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I'm writing a script which requires the bash version number in a simple short format.

I'm aware of bash --version, but this gives a long output:

GNU bash, version 4.2.10(1)-release (i686-pc-linux-gnu)
Copyright (C) 2011 Free Software Foundation, Inc.
License GPLv3+: GNU GPL version 3 or later <http://gnu.org/licenses/gpl.html>

This is free software; you are free to change and redistribute it.
There is NO WARRANTY, to the extent permitted by law.

This could be cut down to the bit I want, 4.2.10, by this:

bash --version | grep "bash" | cut -f 4 -d " " | cut -d "-" -f 1  | cut -d "(" -f 1

However, this feels like it would be prone to break if that message ever changed slightly for whatever reason.

Is there a better way to do this, and what is this better way?

Thanks

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3 Answers 3

up vote 13 down vote accepted

If you're running within a bash shell, then the $BASH_VERSION environment variable should be set:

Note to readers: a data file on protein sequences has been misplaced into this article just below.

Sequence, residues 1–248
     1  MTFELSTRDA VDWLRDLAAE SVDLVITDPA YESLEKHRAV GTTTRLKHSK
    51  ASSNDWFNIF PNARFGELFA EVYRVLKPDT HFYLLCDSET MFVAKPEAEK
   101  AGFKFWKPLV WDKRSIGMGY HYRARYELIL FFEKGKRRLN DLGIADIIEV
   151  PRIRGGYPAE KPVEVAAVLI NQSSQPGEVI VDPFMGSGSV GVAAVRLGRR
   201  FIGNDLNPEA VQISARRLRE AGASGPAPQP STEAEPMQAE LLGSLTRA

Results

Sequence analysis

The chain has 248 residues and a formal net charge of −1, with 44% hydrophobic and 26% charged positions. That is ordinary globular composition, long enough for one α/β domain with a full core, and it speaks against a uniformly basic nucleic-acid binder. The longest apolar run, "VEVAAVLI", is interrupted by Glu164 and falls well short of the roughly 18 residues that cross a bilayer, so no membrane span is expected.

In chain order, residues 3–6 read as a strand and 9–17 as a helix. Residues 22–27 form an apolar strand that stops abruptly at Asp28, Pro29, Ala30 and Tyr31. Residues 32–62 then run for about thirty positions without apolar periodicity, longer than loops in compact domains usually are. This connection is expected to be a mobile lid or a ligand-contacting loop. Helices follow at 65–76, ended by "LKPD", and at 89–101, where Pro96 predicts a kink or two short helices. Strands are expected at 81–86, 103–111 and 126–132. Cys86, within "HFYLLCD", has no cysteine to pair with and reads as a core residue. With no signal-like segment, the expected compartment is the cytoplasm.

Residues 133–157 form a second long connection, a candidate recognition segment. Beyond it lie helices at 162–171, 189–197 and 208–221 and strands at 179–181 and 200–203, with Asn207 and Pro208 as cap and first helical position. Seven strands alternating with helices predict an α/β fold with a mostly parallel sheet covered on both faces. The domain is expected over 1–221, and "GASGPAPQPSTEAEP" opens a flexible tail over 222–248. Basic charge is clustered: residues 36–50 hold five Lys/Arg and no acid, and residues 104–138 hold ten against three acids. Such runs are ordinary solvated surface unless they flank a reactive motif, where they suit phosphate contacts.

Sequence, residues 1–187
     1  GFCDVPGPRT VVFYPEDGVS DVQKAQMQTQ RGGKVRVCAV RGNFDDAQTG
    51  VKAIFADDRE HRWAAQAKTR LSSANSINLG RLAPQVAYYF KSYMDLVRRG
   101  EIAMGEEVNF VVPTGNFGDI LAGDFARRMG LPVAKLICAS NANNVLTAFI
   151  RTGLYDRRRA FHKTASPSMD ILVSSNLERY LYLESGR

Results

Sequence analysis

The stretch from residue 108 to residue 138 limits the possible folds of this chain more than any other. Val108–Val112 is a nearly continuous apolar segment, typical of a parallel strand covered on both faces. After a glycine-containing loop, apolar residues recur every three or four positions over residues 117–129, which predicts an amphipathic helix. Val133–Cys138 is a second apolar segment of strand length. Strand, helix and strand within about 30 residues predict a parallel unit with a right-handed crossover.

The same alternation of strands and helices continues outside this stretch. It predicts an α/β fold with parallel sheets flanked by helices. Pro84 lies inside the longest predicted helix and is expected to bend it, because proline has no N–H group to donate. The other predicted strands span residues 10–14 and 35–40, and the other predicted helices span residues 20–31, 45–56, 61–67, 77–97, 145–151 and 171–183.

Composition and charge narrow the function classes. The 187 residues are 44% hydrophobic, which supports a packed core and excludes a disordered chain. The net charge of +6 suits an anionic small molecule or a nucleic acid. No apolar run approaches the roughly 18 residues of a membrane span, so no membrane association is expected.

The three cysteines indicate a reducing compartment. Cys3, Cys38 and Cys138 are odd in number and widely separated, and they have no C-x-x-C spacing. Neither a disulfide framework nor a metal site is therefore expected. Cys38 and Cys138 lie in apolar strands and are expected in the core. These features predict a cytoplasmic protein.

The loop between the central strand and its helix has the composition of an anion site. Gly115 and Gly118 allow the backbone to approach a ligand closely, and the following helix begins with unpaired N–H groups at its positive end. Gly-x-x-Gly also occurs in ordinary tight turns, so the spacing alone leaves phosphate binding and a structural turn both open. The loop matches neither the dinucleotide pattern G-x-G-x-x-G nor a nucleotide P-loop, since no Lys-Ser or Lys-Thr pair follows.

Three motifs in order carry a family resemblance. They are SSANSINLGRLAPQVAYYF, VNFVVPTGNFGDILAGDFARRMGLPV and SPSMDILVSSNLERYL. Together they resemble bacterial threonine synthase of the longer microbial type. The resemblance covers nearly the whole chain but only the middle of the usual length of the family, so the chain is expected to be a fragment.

$ echo $BASH_VERSION
4.2.8(1)-release

That should be easier and more reliable to parse. See the man page for a list of environment variables set by the shell.

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1  
... and with that I've discovered $BASH_VERSINFO with which I can build it using only the bits I need, for some reason the man page that is on my machine doesn't have any mention of the environment variables it sets. Thanks :) –  stwalkerster Feb 26 '12 at 5:10

To extract the first part:

$ echo ${BASH_VERSION%%[^0-9.]*}
4.2.10
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This is exactly what I'm looking for ;) –  Kyrol Mar 18 '14 at 14:51
2  
Just the major version: echo ${BASH_VERSION%%[^0-9]*} –  Brad Koch Mar 20 '14 at 19:47

There seems to be an environment variable for this:

echo $BASH_VERSION

yields

4.1.7(1)-release

on my machine.

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